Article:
I Was Given 3 Months to Live...Here's Why I'm Happy For What It Put Me Through


You may know that I’m a very positive person. What you may not know is that I spent my entire teenage years in and out the hospital. You may not know that at the age of 13 years old, I was told I’d only have 3 months to live. As a teenager, most of my weeks consisted of MRI’s, blood draws, countless trips to the hospital, and eventually home-school from the age of 15 - 18 years old. Seeing my doctors became more routine than seeing my friends, who I eventually lost almost altogether. No prom, no sports, no typical high school drama (although maybe high school drama isn't too bad to miss out on). Truly, at that age, I found myself wondering if I'd ever have a normal life at all. I never thought I'd see a light at the end of the tunnel where I'd be free from being sick....and I was right. After spending 21 collective days in the hospital, seeing every specialist in the book, and getting diagnosed with a life threatening adrenal disorder that requires me to depend on medication to live, I knew that my life would never be the same again. (if interested, you may read more on my health and what I deal with...but I won't bore you in this post)

Now this is the part where you're probably asking, "Does this story have a happy ending? How in the heck could you possibly be happy and positive after all that?" Well, this time in my life left me with 2 options on how deal with my illnesses and come out happy. And I'm not lying. Like, truly, down to earth happy.
  1. I could suppress my emotions, suck it up, and tell myself that I was ok with my life.

  2. I could acknowledge my emotions, the negativity, and this horrible time in my life, then learn from it and grow as a person.
After dealing with my life threatening illnesses for a couple of years, I came to realize that there was no way to sugar coat it. This part of my life sucked. I had few friends, I was never going to have those great teenage memories to look back on, and unfortunately, there was nothing I nor anyone could do to make my health better. I knew that there was no point in giving myself false hope that one day I will be cured of all my illnesses (What a godsend that would be though) because this was it. My illnesses would always be here so I had to accept that and make the most of my situation, whatever that may mean.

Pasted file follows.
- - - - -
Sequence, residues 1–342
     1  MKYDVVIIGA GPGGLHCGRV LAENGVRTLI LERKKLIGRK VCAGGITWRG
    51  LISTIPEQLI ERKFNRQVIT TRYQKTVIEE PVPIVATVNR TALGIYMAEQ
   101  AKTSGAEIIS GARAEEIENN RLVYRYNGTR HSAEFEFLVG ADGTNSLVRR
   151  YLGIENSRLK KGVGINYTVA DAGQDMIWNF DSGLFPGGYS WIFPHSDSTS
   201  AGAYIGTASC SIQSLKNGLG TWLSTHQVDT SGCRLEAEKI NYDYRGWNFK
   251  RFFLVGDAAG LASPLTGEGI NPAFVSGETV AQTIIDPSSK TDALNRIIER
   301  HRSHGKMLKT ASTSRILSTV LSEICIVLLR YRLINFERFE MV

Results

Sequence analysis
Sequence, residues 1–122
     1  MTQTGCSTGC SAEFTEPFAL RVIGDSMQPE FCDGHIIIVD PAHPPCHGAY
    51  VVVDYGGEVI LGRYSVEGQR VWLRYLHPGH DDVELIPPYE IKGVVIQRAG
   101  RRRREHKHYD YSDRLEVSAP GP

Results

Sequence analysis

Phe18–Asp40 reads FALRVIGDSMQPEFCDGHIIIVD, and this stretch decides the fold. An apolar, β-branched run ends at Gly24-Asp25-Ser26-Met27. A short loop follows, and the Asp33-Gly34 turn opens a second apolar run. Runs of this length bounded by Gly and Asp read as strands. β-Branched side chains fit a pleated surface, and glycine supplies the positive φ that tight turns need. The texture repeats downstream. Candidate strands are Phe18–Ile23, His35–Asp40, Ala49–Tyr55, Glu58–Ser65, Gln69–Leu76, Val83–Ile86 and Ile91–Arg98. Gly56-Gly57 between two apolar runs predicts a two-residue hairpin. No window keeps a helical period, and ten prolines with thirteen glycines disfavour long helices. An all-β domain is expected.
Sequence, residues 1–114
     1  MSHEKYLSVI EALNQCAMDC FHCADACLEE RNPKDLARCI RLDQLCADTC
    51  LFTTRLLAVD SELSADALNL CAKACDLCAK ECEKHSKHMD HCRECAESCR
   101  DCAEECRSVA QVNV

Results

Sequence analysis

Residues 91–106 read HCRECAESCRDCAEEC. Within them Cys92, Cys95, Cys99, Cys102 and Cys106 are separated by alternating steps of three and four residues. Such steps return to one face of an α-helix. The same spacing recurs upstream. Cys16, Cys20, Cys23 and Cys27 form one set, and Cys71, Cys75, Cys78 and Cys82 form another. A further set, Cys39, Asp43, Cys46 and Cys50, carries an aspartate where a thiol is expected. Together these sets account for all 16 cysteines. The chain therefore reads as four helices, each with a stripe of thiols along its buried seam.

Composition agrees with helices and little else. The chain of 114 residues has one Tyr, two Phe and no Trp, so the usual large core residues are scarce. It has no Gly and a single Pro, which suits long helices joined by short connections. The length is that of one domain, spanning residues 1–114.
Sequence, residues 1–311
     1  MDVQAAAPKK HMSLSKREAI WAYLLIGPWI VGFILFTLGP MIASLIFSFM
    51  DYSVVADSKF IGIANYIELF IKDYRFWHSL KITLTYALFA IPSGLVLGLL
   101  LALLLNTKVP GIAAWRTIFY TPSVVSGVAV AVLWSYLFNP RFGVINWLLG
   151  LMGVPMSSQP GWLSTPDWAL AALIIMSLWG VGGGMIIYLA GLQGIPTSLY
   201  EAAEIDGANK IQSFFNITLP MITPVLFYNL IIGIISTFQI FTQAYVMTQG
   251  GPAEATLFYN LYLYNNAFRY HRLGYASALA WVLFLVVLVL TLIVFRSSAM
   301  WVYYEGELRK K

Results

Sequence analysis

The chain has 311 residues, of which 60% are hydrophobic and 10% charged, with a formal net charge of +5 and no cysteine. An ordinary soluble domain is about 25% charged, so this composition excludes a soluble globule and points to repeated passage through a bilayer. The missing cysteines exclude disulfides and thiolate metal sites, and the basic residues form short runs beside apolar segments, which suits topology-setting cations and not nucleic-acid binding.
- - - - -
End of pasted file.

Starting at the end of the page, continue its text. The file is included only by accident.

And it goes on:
Do I wish that I had a normal teenage life, free of illnesses? You bet I do. But surprisingly enough, I'm happy for everything that my illnesses put me through. Not because I enjoyed this part of my life but because I acknowledge the hardships of my illnesses and everything that I learned from it. I acknowledge the man that it made me today because I know I wouldn't be the same man without it. Compassion, strength, patience, self worth, dedication, perseverance, and most of all, perspective, are all qualities that I now possess from this time of my life. Because I was able accept this horrible situation that was out of my control, it allowed me to focus my time and energy onto new things in my life that I could control.

GlutenAway, this very site and everything it's grown to be in the gluten-free community, was started because of this horrible time in my life. My career, my passion and love for helping others, my work ethic, my dedication to my job, my goal to inspire anyone dealing with hardship by sharing my story. This all came because I made the most of this bad situation. Without the negative moments in our lives, we would not be able to appreciate the positive moments that come and matter the most.

If anything, it's important to know that it’s ok to have negative moments in life. It’s ok to get down when things get tough with your relationships, your health, your job, or whatever else. You don’t have to be happy about your life 24/7 because let’s be honest...no one is. Was I immediately happy when I was told I could die at the age of 13 years old? No. Was I immediately happy when I found out that my life would forever be difficult because of my illnesses? Of course not. Instead of trying to be happy all of the time, acknowledge the negativity in your life, learn from it, and reflect on this moment to allow for more positive things to come. Learning from these negative moments instead of pushing them away is how we become happy, compassionate, overall people. If anything, I hope my story offers you some inspiration and a little perspective for anything you may face in life. Whatever hardships you face, know that you can get through these moments and overcome them too.
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2 comments:

  1. Powerful message Taylor! Chronic illness has definitely given me a different perspective on life as well. Like you, instead of wishing for something else, I've learned its best to 'roll with the punches' and find happiness in the journey. You're definitely helping to inspire many by sharing. Thank you!
    - AnGela
    yourpowerofreason.com

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  2. I was given several months to live as well, and was finally diagnosed with celiac and dairy allergy. Happy to say that was 25 years ago! Small price to pay! Good luck to you!

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